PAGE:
Louisa Collins: Westminster Rejects Extradition to Nigeria.
Ben Keith & Louisa Collins: 5SAH EXTRADITION: An Introduction for Chambers and Partners.’

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5SAH, December 2019

Source: 5sah.cmail19.com

The problem with the Rights of Entry (Gas and Electricity Boards Act 1954) – No. 5 Chambers

Posted October 31st, 2019 in energy, injunctions, news, warrants by sally

‘How interim injunctive relief can assist both individuals and businesses when locked in a dispute with their energy provider.’

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No. 5 Chambers, 23rd October 2019

Source: www.no5.com

Carl Beech: Judge suggests he was ‘misled’ over VIP abuse search warrants – BBC News

‘A judge who granted search warrants in the Met’s discredited VIP paedophile inquiry has agreed with a report that concluded he was “misled” by police.’

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BBC News, 9th October 2019

Source: www.bbc.co.uk

Warrants of possession – fresh grounds and Equality Act defences – Nearly Legal

Posted September 26th, 2019 in landlord & tenant, news, rent, repossession, warrants by tracey

‘Where a landlord already has a possession order for rent arrears, but then seeks a warrant also on the basis of anti-social behaviour, the usual route has been for the landlord to ask the court to consider whether the warrant should be stayed in light of the allegations of ASB, even if the court would be minded to stay the warrant on the arrears. This was the approach in Sheffield City Council v Hopkins (2001) EWCA Civ 1023, which suggested a summary approach to fact finding in such cases.’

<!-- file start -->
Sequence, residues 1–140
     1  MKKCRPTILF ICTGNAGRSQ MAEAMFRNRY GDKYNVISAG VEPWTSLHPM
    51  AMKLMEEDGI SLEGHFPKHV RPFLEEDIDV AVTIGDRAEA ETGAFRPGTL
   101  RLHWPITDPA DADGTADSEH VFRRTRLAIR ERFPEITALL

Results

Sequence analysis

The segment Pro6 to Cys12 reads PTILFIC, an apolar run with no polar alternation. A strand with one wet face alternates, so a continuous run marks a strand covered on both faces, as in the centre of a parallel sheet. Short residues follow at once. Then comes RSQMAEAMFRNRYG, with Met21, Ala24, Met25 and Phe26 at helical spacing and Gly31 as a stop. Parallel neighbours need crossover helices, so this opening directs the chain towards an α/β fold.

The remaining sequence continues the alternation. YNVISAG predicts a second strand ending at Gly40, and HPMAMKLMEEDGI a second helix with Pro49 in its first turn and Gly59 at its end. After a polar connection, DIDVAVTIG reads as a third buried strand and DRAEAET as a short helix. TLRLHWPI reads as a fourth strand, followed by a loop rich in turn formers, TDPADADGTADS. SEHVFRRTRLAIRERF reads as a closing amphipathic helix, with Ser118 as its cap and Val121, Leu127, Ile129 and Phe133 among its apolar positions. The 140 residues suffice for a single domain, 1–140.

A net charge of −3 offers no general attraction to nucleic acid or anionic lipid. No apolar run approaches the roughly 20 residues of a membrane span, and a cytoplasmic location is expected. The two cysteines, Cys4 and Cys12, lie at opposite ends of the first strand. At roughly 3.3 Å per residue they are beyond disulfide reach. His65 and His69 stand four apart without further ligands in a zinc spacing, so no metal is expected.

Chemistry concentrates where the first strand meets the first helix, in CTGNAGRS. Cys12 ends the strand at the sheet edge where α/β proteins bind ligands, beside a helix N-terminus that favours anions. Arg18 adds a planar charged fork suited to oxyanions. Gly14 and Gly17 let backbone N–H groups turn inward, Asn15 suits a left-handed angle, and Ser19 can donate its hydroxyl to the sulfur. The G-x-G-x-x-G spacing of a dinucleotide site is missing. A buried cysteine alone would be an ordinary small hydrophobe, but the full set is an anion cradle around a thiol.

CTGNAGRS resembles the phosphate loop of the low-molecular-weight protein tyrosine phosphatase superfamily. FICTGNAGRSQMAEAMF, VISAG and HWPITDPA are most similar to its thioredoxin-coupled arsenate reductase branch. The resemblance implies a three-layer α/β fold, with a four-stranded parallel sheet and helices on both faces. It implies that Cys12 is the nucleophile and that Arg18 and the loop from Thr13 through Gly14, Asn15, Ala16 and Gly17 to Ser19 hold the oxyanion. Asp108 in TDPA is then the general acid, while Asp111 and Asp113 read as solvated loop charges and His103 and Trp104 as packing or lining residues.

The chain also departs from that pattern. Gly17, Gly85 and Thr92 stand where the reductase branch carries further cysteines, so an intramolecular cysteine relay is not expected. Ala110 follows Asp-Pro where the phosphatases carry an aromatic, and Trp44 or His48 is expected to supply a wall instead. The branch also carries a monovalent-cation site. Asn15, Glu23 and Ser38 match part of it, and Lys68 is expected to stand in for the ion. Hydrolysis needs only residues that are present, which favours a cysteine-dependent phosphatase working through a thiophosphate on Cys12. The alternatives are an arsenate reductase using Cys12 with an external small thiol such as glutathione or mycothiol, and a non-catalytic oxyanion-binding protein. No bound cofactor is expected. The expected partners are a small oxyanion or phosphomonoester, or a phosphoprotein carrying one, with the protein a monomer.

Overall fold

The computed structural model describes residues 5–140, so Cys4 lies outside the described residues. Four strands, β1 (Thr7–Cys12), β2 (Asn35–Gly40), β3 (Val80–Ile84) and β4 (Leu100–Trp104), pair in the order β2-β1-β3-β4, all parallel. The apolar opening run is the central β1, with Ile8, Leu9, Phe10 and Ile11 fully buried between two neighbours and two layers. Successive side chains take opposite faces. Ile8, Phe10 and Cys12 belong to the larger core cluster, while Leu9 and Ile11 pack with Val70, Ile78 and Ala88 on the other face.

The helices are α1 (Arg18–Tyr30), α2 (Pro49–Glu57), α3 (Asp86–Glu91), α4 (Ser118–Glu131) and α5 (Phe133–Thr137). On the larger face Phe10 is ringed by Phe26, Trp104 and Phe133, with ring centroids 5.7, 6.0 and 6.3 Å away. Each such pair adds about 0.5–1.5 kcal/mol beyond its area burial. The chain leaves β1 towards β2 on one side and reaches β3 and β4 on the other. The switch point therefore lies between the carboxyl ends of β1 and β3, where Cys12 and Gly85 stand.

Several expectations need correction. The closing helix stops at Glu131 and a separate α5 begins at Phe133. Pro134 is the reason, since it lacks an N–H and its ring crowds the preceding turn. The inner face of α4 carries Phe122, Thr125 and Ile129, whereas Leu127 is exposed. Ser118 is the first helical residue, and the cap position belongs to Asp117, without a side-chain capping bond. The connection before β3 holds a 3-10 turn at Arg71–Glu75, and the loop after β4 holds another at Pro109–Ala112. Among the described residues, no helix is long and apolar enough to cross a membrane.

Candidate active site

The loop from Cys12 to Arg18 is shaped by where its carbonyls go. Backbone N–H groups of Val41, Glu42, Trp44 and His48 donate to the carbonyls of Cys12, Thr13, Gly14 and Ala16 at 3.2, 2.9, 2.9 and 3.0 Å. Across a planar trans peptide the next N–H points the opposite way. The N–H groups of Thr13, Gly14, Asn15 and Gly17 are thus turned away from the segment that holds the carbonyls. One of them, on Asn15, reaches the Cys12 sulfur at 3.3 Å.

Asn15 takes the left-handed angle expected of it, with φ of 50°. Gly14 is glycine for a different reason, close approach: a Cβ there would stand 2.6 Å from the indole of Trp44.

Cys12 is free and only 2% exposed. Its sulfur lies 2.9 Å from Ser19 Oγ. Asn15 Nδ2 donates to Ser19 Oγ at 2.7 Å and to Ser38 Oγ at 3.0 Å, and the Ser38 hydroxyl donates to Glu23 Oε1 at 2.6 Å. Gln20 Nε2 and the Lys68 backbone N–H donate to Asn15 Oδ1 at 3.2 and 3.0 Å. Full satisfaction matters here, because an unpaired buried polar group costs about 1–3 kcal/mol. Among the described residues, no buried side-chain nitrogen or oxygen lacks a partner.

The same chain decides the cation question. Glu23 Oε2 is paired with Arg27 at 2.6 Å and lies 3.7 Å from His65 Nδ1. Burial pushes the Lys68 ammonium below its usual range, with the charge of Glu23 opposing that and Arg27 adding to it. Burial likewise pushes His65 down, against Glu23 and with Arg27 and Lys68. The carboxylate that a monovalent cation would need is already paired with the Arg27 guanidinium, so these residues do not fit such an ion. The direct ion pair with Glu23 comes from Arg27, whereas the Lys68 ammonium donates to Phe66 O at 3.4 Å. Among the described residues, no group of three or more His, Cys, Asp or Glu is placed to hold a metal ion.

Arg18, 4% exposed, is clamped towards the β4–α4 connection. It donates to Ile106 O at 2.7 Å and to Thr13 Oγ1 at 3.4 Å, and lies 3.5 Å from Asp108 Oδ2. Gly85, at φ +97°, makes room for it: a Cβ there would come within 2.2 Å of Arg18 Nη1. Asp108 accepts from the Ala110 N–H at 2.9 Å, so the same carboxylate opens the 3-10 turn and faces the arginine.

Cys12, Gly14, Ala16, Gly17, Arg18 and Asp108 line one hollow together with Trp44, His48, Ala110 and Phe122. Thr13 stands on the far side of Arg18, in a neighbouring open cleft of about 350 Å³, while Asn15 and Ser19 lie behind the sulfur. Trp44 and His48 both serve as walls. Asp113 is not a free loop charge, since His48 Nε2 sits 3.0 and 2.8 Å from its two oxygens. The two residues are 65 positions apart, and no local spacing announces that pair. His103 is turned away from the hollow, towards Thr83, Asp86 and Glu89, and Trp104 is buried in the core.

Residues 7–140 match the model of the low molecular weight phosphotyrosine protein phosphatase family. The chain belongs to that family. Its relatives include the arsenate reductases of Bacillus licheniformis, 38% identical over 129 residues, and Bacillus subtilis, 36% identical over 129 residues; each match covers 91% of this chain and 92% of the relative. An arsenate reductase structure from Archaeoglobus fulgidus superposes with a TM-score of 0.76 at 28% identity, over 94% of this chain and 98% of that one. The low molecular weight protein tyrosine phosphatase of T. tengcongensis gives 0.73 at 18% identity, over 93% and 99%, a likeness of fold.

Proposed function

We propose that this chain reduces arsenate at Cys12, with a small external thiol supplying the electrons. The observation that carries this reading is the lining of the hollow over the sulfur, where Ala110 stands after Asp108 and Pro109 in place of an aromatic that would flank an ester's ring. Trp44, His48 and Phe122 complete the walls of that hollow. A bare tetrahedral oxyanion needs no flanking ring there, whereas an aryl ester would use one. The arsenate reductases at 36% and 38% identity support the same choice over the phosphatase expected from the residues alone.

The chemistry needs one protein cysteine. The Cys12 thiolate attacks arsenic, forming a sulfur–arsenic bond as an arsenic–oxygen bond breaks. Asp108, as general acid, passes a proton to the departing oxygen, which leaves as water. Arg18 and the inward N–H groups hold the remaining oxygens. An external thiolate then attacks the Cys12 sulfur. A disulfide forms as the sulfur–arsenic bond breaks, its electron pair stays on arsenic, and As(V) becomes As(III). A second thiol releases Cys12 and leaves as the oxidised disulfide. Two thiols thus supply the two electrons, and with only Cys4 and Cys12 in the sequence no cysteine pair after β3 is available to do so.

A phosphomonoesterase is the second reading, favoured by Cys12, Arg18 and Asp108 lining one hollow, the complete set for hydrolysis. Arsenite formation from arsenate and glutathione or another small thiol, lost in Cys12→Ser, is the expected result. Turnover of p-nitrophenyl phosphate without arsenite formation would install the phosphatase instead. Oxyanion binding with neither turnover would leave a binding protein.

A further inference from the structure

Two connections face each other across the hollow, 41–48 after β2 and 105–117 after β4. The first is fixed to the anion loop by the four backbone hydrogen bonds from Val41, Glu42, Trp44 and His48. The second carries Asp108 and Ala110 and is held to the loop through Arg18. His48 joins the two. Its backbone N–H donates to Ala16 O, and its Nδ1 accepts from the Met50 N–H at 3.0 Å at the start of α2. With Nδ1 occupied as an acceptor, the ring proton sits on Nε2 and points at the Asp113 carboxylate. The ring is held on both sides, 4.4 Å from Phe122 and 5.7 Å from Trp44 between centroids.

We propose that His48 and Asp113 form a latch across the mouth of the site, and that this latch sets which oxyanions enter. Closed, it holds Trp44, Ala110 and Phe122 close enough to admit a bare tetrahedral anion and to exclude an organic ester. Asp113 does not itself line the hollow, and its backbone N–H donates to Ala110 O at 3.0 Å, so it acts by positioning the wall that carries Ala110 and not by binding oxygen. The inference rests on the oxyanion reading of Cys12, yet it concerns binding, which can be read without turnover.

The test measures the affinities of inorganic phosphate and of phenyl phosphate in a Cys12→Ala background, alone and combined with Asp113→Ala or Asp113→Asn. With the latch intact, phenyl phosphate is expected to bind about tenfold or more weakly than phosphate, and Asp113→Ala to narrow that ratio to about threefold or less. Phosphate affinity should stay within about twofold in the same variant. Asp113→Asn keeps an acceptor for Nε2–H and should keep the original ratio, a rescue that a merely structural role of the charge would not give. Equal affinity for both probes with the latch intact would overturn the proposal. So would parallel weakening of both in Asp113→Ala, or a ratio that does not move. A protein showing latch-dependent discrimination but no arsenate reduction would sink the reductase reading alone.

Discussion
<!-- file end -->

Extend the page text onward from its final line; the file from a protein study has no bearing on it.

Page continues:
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Nearly Legal, 22nd September 2019

Source: nearlylegal.co.uk

Police may have broken law during Carl Beech investigation – ex-judge – The Guardian

‘A retired high court judge, whose review found a catalogue of failings in Scotland Yard’s £2.5m inquiry into false claims about a VIP paedophile ring made by a former nurse, says the police may have broken the law during their investigation.’

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The Guardian, 30th July 2019

Source: www.theguardian.com

MI5 engaged in ‘extraordinary and persistent illegality’ whilst handling personal data, High Court hears – Daily Telegraph

‘MI5 has been unlawfully holding people’s data collected through surveillance or hacking programmes, the high court has been told.’

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Daily Telegraph, 11th June 2019

Source: www.telegraph.co.uk

UK government security decisions can be challenged in court, judges rule – The Guardian

‘Government security decisions will in future be open to challenge in the courts after judges ruled that a secretive intelligence tribunal could not be exempt from legal action.’

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The Guardian, 15th May 2019

Source: www.theguardian.com

New Judgment: R (Privacy International) v Investigatory Powers Tribunal & Ors [2019] UKSC 22 – UKSC Blog

‘Inter alia, The Supreme Court held, by a majority, that the Regulation of Investigatory Powers Act 2000, s 67(8) did not “oust” the supervisory jurisdiction of the High Court to quash a decision of the IPT for error of law. Following authority, it was clear that the drafter of s 67(8) would have had no doubt that a determination vitiated by any error of law, jurisdictional or not, was to be treated as no determination at all, and so could not be ousted. The plain words of the subsection must yield to the principle that such a clause will not protect a decision that is legally invalid, as there is a common law presumption against ousting the High Court’s jurisdiction.’